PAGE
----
So if I can find my Abraham Chate line I will be one happy lady. My Acadian ancestors, were Cormier,Leger,Bellefontaine,Breau,Dupuis,Surette,Lirette,Martin,Boudreau and others. So I have lots of Acadian blood, French Canadian, I have Bergeron,Soucy,LeBel,Cloutier,Nadeau,Bouchard,Boilleau, and more.
One of my group members posted a message today saying that The Olive Tree has added a page on identifying old photos. I think that is a great idea. I would love to have a site that we could all add our oldest photos, and identify them , so that we could exchange them. That way if one person would lose the photo, then the photo would continue elsewhere. I love old photos, just found one in a book I borrowed of the Cotton Mill in Moncton. My grandmother , her sister, my dad's aunts all worked there before they were married, and my grandmother got married in 1915. So that is a long while ago. The building is gone, the ancestors are gone, but there is still a photo left.
Have a great day everyone

Monday, July 02, 2007

How was Canada day? Well I do hope that all of you Canadians had a great day. We decided to go watch the fireworks ,they were being held at our river front. So we stopped at a store , picked up some munchies, I got a 7up, some chips and a chocolate bar. MMM I was all ready, had my camera. So off we went, boy there were lots of cars, all lined up in parking lots, in grocery store lots, behind restaurants, even across the street and folks were walking over to the side of the river. (Petitcodiac). So we found our spot, the car was pointing towards the riverfront. There were lots and lots of dark clouds above. I thought to myself, well the fireworks will show up good. OH here comes a police car. He sure is driving slow. We decided to walk to the side of the river when the couple in the car ahead of me were walking towards their car. They yelled " Cancelled until tomorrow night". Grrrrrrrr. Ok then we are going to go to a movie. It is starting at 920 pm. It is 9 pm. I haven't gone to a movie in a while. Got there, all excited to see the show. The show started at 820 . Grrrrr. On our way home , driving on the road, I wasnt watching where I was going and instead of taking the center lane , I was on the outside lane, got to the lights (it was a turning lane) sob sob...Got home decided to watch a movie on television, laid back the story was getting good. Poof I fell asleeep.... haha.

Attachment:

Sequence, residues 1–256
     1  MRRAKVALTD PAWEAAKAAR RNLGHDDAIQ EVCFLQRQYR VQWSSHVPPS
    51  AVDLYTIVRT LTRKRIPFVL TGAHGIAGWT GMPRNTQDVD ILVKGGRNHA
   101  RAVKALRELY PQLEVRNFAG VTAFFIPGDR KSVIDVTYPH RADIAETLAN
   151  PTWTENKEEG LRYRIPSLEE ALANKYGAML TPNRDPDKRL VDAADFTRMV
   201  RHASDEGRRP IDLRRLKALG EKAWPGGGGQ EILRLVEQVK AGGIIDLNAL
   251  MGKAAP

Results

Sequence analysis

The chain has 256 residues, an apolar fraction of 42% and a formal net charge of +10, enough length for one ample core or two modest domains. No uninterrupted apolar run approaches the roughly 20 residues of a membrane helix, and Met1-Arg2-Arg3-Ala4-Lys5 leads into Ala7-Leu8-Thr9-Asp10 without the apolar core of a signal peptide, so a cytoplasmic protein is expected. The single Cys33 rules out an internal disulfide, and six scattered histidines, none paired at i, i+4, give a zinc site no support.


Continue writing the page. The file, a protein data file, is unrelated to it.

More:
Well as you know I am planning a trip to Port Royal, I have been searching for campgrounds, a friend of mine suggested some campsites. Boy there are some nice campgrounds around.
And I have also been looking for information on where abouts or around where my Barthelemy Bergeron lived, and where Jacques Leger dit La Rosette lived. I found where Jacques lived, and I came across two articles on approximately where Barthelemy lived, he lived near Abraham Dugas. Jacques Leger lived near Roundhill. I would love to go walk near where they lived , just to say I have walked where my ancestors walked. I also want to go to the Deportation Cross is in Grand Pre. I have the instructions on how to get there. I am hoping to be able to go sometimes next week.
Maybe after my trip I will have lots more to share with you. So have a great day,thank you for dropping by.